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AIQ – well done on relisting, but the share price is bonkers: something’s not right

By Nigel Somerville | Friday 20 April 2018

Disclosure: I have no positions in any stocks mentioned, and no plans to initiate any positions within the next 72 hours. I wrote this article myself, and it expresses my own opinions. I am not receiving compensation for it (other than from ShareProphets). I have no business relationship with any company whose stock is mentioned in this article.

Standard-listed AIQ, (AIQ) having shaken off my questions, corrected the record over its directors’ other directorships and supposedly dealt with the lack of stock available which sent the shares sky-high when it first listed has finally got its shares unsuspended as of yesterday. But once again the shares are trading at an absurd level for a cash-shell with perhaps, at absolute best, around 10p a share of cash: at time of writing, and no investments, the spread is 100p – 130p!

The suspension price was 115p, when the shares were suspended because none of the IPO stock had cleared into Crest and consequently there was a false market with a massive stack of unsettle trades.

With the shares now back at the suspension price (and surely massively overvalued) I wonder whether the reason is once again because of a shortage of stock in the system. Is there once again a huge queue of unsettled trades building up?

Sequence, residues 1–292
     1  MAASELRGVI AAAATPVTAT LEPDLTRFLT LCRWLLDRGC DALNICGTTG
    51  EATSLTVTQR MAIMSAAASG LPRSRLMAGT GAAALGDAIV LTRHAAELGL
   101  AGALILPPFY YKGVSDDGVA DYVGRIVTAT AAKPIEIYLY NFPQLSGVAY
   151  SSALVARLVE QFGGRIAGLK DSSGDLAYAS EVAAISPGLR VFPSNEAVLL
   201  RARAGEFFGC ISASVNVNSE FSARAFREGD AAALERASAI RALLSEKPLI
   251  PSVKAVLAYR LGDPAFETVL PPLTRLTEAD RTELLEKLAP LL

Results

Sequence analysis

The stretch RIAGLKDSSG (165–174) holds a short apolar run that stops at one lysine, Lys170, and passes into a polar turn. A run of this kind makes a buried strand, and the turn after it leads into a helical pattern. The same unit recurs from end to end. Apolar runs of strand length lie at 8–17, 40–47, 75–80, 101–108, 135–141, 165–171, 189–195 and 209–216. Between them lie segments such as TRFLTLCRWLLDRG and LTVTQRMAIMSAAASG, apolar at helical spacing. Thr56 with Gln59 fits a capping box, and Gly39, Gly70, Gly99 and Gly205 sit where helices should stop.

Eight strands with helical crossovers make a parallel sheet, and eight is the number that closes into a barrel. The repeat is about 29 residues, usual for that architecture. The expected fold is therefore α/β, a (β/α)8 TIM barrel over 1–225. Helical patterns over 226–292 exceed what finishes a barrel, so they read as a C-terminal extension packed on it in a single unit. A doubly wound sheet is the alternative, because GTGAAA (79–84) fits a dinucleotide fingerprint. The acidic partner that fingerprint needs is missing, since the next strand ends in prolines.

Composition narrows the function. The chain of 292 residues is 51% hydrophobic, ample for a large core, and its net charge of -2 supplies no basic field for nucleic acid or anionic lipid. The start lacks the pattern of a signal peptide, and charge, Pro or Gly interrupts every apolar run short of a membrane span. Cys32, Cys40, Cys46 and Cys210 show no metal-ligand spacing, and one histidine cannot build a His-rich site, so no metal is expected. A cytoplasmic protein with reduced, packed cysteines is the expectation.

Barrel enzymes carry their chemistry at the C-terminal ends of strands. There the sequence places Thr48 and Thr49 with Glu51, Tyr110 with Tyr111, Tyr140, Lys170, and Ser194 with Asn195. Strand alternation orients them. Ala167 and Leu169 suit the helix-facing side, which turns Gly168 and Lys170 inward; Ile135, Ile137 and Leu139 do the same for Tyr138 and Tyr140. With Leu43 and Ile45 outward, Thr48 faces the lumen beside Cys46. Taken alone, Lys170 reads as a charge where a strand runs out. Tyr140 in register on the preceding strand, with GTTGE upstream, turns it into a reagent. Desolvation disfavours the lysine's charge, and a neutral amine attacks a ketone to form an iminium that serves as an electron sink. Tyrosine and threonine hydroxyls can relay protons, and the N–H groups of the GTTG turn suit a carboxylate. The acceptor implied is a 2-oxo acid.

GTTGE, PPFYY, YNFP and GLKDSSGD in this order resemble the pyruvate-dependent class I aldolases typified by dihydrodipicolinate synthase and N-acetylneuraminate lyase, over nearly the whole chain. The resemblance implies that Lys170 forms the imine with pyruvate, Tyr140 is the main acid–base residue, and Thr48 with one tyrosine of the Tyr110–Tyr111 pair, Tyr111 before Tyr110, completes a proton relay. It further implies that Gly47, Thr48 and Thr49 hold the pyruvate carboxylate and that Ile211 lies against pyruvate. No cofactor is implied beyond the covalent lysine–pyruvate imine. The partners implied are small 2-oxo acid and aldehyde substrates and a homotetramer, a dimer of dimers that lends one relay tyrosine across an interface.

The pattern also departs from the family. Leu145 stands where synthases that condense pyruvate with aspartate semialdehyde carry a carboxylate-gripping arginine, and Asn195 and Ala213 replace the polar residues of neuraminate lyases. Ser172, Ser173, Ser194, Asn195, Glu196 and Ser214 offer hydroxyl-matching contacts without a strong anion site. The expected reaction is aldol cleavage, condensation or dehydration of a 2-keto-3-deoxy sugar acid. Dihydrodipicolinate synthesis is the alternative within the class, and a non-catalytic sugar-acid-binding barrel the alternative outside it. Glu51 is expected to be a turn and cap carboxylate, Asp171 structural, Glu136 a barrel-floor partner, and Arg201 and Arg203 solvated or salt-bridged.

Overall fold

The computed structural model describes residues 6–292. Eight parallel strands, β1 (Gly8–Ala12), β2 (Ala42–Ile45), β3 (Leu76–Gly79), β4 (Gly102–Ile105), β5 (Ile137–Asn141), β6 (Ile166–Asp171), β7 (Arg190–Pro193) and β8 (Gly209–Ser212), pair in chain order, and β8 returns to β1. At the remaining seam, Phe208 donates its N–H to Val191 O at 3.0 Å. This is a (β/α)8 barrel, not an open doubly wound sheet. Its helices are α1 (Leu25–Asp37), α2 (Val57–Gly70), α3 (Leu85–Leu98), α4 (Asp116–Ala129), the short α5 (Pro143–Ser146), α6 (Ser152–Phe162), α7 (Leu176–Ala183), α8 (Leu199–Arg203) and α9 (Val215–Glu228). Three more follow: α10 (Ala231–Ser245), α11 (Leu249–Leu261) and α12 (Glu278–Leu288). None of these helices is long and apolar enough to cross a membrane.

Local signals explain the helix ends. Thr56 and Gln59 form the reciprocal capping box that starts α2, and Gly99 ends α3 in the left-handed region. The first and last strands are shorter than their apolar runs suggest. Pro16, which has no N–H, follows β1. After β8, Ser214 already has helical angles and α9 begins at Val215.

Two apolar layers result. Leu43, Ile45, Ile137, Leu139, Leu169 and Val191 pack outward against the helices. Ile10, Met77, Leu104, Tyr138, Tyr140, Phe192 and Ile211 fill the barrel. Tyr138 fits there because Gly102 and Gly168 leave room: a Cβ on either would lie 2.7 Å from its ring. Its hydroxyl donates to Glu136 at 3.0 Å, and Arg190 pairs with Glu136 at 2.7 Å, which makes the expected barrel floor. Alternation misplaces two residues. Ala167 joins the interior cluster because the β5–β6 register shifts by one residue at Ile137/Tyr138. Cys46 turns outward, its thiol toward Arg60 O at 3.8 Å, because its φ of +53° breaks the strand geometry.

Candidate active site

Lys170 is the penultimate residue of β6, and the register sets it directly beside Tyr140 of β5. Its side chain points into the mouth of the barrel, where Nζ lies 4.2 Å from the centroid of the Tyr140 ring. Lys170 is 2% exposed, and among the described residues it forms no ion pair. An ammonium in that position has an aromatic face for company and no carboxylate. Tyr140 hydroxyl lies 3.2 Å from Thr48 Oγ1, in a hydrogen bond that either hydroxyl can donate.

And if that is the case, how long will it be before AIQ is, for the second time, suspended from trading?

Noting that Tom Winnifrith has sold his little windfall of stock, he may be ruing acting so quickly for he could have more than doubled his money if he had held on. But cash in the bank is cash in the bank.

It may just be that there has been massive demand which has pushed the shares up. But given that the company has itself warned that the shares were trading at ludicrous levels it is hard to see how UK-based shareholders would have been the source of the demand. Of course, some potential possible shareholders from overseas may not have enough English to read the RNSs properly.

So where is the demand coming from?

If you own the stock, the advice surely has to be sell. But I wouldn’t short this one (even if you can) because this madness could continue and even get worse.

As an advert for the Standard List, the UKLA and the LSE should be ashamed of themselves. Is it not crystal clear that something is not right?

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